Lineups will be added to this post when they are released. 

General Info

  • What: LSU (54-11) vs. TCU (50-14)
  • When: 7 p.m. Thursday
  • Where: TD Ameritrade Park, Omaha, Nebraska
  • Starting pitchers: LSU Sr. LHP Zac Person (2-0, 3.34 ERA) vs. TCU So. RHP Mitchell Traver (9-2, 1.60)
  • TV: ESPN
  • Online: ESPN3.com
  • In-game updates on Twitter: @DellengerAdv,@RabalaisAdv
  • CWS (click to enlarge):

cws

 

Lineups

LSU

  • Alex Bregman, SS
  • Jake Fraley, LF
  • Kade Scivicque, C
  • Conner Hale, 3B
  • Chris Sciambra, DH
  • Andrew Stevenson, CF
  • Chris Chinea, 1B
  • Mark Laird, RF
  • Jared Foster, 2B

TCU

  • Cody Jones, CF
  • Jeremie Fagan, 1B
  • Connor Wanhanen, DH
  • Evan Skoug, C
  • Dane Steinhagen, LF
  • Derek Odell, 3B
  • Keaton Jones, SS
  • Nolan Brown, RF
  • Garrett Crain, 2B

Pregame: LSU vs. Cal State Fullerton (CWS)

CHo4QopXAAAhtcz

General Info

  • What: LSU (53-11) vs. Cal State Fullerton ( 39-24)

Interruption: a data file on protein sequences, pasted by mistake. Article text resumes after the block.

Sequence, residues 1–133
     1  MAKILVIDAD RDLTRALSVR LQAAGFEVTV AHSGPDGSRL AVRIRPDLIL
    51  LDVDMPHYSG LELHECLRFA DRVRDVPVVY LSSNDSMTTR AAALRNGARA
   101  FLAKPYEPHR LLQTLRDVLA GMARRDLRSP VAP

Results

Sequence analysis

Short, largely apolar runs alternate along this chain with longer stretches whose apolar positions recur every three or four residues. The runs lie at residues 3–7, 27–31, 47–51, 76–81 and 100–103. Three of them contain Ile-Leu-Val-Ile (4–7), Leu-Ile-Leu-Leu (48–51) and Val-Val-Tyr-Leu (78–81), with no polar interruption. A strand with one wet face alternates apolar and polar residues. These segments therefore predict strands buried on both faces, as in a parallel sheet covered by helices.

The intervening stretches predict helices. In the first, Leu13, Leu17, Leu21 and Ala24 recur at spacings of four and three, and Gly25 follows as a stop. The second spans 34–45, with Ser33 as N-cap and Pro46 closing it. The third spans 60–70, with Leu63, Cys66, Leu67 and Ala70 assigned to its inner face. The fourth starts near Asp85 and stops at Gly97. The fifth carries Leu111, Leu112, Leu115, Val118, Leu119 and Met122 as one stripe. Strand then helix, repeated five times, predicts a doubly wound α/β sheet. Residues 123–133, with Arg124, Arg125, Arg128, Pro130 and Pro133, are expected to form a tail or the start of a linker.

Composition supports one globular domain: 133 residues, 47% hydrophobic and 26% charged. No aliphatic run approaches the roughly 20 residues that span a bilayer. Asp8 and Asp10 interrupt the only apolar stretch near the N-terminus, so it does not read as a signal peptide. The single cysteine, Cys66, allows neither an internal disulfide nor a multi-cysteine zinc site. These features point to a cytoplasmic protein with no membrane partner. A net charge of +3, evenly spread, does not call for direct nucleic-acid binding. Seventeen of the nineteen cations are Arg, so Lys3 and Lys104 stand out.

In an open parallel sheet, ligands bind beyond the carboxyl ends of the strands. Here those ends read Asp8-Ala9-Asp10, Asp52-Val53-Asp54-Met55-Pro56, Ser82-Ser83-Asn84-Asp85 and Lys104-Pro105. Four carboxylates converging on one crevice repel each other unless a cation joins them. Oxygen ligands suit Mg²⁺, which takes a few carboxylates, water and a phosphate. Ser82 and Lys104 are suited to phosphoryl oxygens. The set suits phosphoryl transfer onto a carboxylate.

• When: 2 p.m. Tuesday
  • Where: TD Ameritrade Park, Omaha, Nebraska
  • Starting pitchers: Fr. RHP Alex Lange (11-0, 1.89 ERA) vs. Fr. RHP Connor Seabold (5-3, 2.84)
  • TV: ESPN2
  • Online: ESPN3.com
  • In-game updates on Twitter: @DellengerAdv,@RabalaisAdv
  • CWS (click to enlarge):

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LSU

  • Alex Bregman, SS
  • Jake Fraley, LF
  • Kade Scivicque, C
  • Conner Hale, 3B
  • Chris Sciambra, DH
  • Andrew Stevenson, CF
  • Chris Chinea, 1B
  • Mark Laird, RF
  • Jared Foster, 2B

Cal State Fullerton

  • Josh Vargas, LF
  • Tyler Stieb, CF
  • Davi Olmedo-Barrera, DH